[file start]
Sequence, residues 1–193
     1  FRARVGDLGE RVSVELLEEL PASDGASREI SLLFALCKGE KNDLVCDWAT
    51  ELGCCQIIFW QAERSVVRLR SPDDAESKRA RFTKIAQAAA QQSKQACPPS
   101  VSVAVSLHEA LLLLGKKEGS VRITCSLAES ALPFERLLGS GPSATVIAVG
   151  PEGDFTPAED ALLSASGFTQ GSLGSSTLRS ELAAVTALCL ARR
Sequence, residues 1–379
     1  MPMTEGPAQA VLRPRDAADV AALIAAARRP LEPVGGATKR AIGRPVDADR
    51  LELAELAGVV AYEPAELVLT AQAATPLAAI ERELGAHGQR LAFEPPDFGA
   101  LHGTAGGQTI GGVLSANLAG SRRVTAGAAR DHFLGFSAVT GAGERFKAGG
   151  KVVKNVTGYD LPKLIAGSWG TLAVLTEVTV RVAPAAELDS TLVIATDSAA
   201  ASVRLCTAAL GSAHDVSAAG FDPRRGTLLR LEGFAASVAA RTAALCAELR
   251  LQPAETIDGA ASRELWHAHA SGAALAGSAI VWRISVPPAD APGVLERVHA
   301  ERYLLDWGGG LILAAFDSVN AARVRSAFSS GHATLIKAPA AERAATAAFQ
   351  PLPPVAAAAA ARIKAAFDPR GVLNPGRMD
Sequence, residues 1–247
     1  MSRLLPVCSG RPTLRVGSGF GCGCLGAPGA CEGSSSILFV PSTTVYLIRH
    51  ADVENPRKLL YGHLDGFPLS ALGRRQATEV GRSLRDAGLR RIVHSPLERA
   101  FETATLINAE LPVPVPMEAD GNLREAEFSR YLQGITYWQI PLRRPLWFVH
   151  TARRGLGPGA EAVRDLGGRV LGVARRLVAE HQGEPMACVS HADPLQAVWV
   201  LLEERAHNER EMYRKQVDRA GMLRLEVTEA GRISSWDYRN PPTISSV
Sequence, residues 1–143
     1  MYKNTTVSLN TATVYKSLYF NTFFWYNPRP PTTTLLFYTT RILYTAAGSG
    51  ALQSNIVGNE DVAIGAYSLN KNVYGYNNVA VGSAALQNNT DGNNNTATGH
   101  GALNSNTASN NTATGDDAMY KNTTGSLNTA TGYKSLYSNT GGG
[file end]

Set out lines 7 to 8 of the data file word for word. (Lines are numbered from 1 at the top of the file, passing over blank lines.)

     1  MPMTEGPAQA VLRPRDAADV AALIAAARRP LEPVGGATKR AIGRPVDADR
    51  LELAELAGVV AYEPAELVLT AQAATPLAAI ERELGAHGQR LAFEPPDFGA